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By Robert Cain for China Film Biz
March 27, 2013
For the first time since 2011’s Love is Not Blind, a Chinese romantic comedy has broken out in a big way at mainland theaters. Finding Mr. Right, a modestly budgeted rom-com starring Tang Wei (Lust Caution, Late Autumn) debuted in the number one spot with $12 million in its four-day opening last week, beating out U.S. holdovers A Good Day to Die Hard and Resident Evil: Resurrection.
The plot of the Seattle- and New York-set Finding Mr. Right borrows liberally from the iconic 1993 American film Sleepless in Seattle and its 1957 progenitor An Affair to Remember—even down to the final romantic encounter atop the Empire State Building—in weaving a familiar tale of two damaged souls who heal each other through love.
Produced by Hong Kong’s venerable Bill Kong (Crouching Tiger Hidden Dragon, The Flowers of War), Finding Mr. Right is the sophomore directing effort of Xue Xiaolu, who also wrote the screenplay. Strong reviews and good word of mouth have propelled the film to successively higher grosses each day, putting it on a trajectory to reach a final gross of at least $40 million, which would make it the second highest grossing romantic comedy in Chinese history after Love is Not Blind’s $55 million.
Although A Good Day to Die Hard provided a brief respite two weeks ago, U.S. and non-Chinese films have yet to shake their 2013 PRC box office doldrums. Both Die Hard and Resident Evil dropped sharply over the weekend, and Jack the Giant Slayer managed just $1.4 million on its opening day this past Monday. Die Hard will likely finish in the mid- to high-thirty millions, down at the low end of the range I had projected for it.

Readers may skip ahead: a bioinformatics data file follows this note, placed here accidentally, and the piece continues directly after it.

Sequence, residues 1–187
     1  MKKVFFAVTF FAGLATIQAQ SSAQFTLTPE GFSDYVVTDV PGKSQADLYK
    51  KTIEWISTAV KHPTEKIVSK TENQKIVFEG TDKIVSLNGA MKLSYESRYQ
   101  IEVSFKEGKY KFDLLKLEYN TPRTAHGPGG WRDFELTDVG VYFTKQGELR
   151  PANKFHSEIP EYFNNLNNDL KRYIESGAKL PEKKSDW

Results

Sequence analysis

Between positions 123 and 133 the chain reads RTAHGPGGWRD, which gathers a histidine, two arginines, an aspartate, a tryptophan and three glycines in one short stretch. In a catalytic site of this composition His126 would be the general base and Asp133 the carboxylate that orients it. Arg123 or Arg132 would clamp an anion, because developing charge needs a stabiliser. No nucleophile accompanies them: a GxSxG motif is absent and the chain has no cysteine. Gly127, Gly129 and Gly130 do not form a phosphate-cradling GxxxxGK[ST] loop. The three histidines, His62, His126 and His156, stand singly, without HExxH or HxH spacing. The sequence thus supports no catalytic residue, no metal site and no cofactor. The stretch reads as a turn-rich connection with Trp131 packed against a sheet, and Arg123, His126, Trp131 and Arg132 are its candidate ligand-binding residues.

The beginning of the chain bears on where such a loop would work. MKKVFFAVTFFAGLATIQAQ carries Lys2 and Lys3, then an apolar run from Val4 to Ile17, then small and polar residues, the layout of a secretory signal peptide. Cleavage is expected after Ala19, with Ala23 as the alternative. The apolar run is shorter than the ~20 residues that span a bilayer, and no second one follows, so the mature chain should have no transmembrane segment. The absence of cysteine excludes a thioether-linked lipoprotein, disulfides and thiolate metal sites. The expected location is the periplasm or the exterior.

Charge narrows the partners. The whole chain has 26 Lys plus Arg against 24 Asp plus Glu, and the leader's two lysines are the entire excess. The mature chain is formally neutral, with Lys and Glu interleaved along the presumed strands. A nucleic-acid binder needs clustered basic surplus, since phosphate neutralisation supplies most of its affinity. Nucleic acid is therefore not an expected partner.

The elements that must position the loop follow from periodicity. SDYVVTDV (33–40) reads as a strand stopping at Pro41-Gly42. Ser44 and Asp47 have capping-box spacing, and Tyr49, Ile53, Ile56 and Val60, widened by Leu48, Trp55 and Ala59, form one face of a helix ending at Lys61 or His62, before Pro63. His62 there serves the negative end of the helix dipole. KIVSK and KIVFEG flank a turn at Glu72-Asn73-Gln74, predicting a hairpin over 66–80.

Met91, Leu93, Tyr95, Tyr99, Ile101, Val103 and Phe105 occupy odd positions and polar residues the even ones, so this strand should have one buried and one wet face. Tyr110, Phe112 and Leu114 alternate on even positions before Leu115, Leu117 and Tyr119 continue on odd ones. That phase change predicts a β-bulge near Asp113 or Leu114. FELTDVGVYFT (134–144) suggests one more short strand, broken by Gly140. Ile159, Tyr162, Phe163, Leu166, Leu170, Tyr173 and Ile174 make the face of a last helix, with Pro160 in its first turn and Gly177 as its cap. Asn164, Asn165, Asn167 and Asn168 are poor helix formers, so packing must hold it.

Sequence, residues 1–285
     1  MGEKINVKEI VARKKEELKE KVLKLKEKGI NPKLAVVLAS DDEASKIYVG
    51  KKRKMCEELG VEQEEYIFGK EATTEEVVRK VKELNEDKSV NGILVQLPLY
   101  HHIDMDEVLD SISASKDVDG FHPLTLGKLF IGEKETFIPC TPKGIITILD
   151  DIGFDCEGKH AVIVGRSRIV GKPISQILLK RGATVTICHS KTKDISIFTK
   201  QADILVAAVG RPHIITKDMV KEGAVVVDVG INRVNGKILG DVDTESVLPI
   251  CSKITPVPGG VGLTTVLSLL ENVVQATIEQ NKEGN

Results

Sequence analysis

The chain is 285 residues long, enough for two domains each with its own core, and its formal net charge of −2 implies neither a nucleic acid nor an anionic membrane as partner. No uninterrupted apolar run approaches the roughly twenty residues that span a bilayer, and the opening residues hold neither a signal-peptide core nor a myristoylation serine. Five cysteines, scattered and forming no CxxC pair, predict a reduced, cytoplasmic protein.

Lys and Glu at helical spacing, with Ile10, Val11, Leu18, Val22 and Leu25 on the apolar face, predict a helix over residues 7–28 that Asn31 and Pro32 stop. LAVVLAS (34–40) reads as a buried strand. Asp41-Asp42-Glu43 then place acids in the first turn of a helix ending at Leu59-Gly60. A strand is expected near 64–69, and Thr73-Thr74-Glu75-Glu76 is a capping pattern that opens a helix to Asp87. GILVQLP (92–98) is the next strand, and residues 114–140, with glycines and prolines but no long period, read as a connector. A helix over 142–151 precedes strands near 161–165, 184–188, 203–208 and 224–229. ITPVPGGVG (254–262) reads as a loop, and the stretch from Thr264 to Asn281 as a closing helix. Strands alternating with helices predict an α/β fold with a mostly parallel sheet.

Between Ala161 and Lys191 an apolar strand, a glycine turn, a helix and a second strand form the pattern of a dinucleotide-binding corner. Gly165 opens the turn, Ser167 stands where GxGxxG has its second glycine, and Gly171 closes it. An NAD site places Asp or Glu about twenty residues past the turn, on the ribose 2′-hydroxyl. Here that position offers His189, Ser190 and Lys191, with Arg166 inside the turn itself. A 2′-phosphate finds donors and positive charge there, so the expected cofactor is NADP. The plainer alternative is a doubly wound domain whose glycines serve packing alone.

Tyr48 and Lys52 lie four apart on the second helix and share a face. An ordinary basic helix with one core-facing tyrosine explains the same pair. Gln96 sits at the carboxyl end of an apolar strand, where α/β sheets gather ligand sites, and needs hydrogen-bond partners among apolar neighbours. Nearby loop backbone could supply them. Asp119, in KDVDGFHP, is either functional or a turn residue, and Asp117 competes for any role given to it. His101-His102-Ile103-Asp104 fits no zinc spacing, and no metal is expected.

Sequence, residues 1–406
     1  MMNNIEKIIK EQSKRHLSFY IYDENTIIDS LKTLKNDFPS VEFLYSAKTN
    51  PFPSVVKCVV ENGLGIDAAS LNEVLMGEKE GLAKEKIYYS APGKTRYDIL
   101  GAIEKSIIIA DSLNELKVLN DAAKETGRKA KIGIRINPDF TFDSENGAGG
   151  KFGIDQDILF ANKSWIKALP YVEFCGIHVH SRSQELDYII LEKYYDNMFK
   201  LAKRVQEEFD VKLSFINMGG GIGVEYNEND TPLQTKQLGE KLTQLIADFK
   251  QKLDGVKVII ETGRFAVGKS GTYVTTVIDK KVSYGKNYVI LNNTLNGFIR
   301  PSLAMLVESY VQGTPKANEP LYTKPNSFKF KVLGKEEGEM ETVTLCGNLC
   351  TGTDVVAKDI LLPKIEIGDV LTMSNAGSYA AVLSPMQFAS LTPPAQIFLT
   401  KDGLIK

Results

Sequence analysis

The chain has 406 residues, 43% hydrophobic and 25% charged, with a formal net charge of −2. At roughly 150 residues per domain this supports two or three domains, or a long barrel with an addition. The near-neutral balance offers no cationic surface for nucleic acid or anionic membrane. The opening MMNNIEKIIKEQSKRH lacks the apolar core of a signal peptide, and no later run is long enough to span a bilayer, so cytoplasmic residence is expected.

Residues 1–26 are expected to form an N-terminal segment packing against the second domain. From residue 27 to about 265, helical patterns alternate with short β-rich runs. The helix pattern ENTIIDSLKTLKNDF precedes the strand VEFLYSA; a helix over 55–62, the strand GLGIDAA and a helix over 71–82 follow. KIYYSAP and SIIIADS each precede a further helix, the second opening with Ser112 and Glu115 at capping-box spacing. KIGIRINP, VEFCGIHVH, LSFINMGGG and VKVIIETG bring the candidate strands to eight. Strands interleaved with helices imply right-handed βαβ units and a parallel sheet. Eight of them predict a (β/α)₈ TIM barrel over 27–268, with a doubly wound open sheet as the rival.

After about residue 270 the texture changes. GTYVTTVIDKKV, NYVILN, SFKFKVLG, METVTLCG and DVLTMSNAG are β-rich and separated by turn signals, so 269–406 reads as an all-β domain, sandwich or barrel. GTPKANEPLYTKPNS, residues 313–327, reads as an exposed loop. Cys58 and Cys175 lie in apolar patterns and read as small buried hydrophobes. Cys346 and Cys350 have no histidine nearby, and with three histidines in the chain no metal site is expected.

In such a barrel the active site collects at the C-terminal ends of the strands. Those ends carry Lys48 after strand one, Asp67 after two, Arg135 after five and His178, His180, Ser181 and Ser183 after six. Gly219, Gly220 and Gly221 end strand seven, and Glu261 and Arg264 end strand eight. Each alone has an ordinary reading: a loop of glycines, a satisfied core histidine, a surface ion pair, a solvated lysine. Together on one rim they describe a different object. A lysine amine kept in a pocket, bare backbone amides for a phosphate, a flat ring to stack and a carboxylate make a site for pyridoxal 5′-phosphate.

Sunday brought an end to the Chinese run of The Hobbit: An Unexpected Journey, which grossed just under $50 million in the PRC, for a rather modest 4.7 percent of its worldwide total. Friday will bring the release of Oz the Great and Powerful, which will encounter some healthy competition from the popular Finding Mr. Right and Drug War, a Chinese crime thriller directed by Johnny To (Romancing in Thin Air, Life Without Principle) that debuts next Thursday, April 4th.
Total nationwide box office amounted to $42 million for the week, a 35 percent increase over the same week last year. Year-to-date China is still running a massive 45 percent ahead of last year, while North America is running 14 percent behind its 2012 total. I’ve often noted on this website that China’s box office will surpass North America’s by the end of this decade. If current trends continue the eclipse will occur by 2019, and possibly even in 2018. It’s becoming an inescapable fact that if you want to succeed in the film business in the near future, you’re going to have to contend with China.
Robert Cain is a producer and entertainment industry consultant who has been doing business in China since 1987. He can be reached at firstname.lastname@example.org and at www.pacificbridgepics.com.
I’ve been pushing the fact that China find it hard to make many global earning features and that they need to include foreign players [actors and stories] in their local films to attract such an audience. On the other hand Is it a coincidence that the Chinese made high grossing films in China are stories set in foreign countries lately, eg. Lost in Thailand and the latest rom com film set in the US “Finding Mr Right”, produced by Hong Kongs Bill Kong and story “borrowed” [lol] from Sleepless in Seattle even down to the last scene, and that they are comedies.
I am writing for made with/in China for a global audience, playing both sides of the coin with an action gangster flick screenplay set in HK “completed”, and currently writing a chick flick set in Beijing and other places in China, “good for tourism” – but hedging my bet with being able to adapt to Cambodia if need be for both films, I’m currently talking with the Cambodia Film Commission about some cross promotion and other film festival stuff for June this year.
I’ve been chasing this dragons tale for several years and think I’m about to pounce, these statistics and insights I get here via this thread have been invaluable to me and keep me informed like no other, many thanks Rob.
I have an exhibition booth at the Beijing film market event 20th – 22nd April and hope this year will show some advancement for my projects.
Keep the info coming Rob, I for one rely on these stats to gauge my own thoughts and predictions.
Keep pushing, Russell. China needs good projects. The audience there is becoming more sophisticated about the local films they’ll choose to see, and quality will ultimately win out.
Thanks for the nudge Rob, I’ll keep pushing.